Often head injury occurs in the setting of the multi-trauma patient. So the head injury has to be assessed along with other injuries

Primary survey

  • Airway
  • Breathing
    • Head injury patients often have apneic spells and hypoventilation
  • Circulation
    • Hypotension should not be attributed to head injury alone until other causes have been ruled out
    • Cushing’s Triad (↓HR; ↑BP; irregular respiration): seen with increased ICP (link to signs of inc_ICP)
  • Neurological Assessment
    • Pediatric GCS (link pediatric GCS)
    • AVPU (alert, verbal, pain, unresponsive)
    • Pupils (Unilateral, dilated, unreactive pupil suggests actual or imminent uncal herniation and is a neurosurgical emergency. Bilateral dilated unreactive pupils is even more ominous)
  • Cervical spine stability

Secondary Survey

Examine head to toes, paying special attention to the following:

  • Cervical spine
  • Head: deformities, lacerations, Battle’s sign, Raccoon eyes, hemotympanum, otorrhea, rhinorrhea, bulging fontanelle
  • Neurological: Pupils, eye deviation, retinal hemorrhage, papilledema, decreased venous pulsations, reflexes (motor, corneal, gag and oculovestibular), motor and sensory function.


Laboratory Investigations

  • CBC
  • Blood type and cross
  • Arterial blood gases
  • Toxicology screen if history of head injury is unclear


  • Head injury can lead to cardiac dysrhythmias

Imaging studies

  • CT is the gold standard for initial assessment of head injury, and is indicated in the following circumstances:
    • LOC >5 min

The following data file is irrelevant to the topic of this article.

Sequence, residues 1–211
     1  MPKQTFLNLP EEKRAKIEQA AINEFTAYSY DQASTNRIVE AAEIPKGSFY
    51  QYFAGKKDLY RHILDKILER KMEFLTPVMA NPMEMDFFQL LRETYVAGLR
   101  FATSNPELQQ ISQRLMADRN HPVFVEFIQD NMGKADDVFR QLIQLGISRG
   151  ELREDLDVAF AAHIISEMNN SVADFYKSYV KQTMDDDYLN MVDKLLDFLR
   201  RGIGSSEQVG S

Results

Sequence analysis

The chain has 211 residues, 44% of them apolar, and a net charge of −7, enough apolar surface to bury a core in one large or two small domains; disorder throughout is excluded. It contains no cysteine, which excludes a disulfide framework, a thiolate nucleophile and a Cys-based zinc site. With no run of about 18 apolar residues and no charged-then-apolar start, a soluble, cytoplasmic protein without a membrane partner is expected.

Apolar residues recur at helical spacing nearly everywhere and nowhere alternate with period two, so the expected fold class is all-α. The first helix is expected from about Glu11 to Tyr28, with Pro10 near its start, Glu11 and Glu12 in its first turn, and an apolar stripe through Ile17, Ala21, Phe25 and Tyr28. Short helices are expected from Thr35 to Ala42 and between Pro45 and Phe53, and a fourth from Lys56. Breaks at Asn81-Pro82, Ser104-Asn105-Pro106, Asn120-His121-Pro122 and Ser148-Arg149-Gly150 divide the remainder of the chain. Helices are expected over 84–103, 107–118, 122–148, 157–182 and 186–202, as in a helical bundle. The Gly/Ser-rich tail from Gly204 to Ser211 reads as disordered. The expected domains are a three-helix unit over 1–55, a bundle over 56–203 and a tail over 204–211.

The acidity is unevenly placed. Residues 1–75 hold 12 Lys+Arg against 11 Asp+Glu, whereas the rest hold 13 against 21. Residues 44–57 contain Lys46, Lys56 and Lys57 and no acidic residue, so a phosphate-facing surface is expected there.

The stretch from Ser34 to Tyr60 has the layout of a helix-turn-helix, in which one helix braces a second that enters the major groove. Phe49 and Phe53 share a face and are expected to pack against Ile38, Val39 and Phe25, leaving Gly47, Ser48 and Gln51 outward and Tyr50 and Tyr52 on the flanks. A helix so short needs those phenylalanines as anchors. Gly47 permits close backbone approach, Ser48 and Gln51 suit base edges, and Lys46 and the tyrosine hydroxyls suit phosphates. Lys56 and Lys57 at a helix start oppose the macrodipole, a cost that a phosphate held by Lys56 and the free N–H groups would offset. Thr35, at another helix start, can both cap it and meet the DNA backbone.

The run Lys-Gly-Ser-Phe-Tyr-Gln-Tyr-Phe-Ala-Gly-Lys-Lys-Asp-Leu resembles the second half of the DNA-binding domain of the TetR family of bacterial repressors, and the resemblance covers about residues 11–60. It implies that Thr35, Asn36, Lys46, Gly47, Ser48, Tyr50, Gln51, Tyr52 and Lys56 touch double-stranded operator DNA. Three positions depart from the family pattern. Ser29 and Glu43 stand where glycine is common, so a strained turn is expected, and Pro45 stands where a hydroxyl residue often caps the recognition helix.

• Deterioration of mental status
    • Focal deficit
    • Seizure
    • Vomiting  > 6 hours
    • Bulging fontanelle
    • Suspicion of skull fracture
    • Other injury requiring general anaesthetic
  • Ultrasound may be used in infants with open fontanelle


  • Airway
    • Intubate if GCS <8 (link to pediatric GCS)
  • Breathing
    • Maintain normal ventilation
    • PaO2 >90
  • Circulation
    • Normotensive, euvolemic is the goal
    • Cardiac monitoring
  • Increased ICP (link to signs of inc_ICP)
    • Elevate head of bed 30 degrees
    • Mannitol or Furosemide
    • Sedate and paralyze if needed
    • Hyperventilation to PaCO2 35
    • Barbituates and hypothermia as last resort
    • Extraventricular drain for CSF
  • Seizure management
  • Bleeding management: one third head injury patients develop DIC
  • Neurosurgical definitive treatment
    • Burr holes
    • Craniotomy
    • Drains

Disposition criteria

  • Minor injury
  • Responsible adult caregiver
  • Awake every 2 hours
  • No focal deficit
  • No LOC or normal CT
  • No signs or symptoms after 2 hours observation
  • Return to ED if increasingly sleepy, unarousable, unequal pupils, decreased motor function, seizure, protracted vomiting, severe head ache, change in mental status

Complications of Head Injury

  • Seizures
  • Cortical blindness (transient)
  • Hydrocephalus
  • Neurogenic pulmonary edema
  • DIC- permanent
  • Neurological defect



Written by: Carolyn Kelly-Smith

Edited by: Jeff Bishop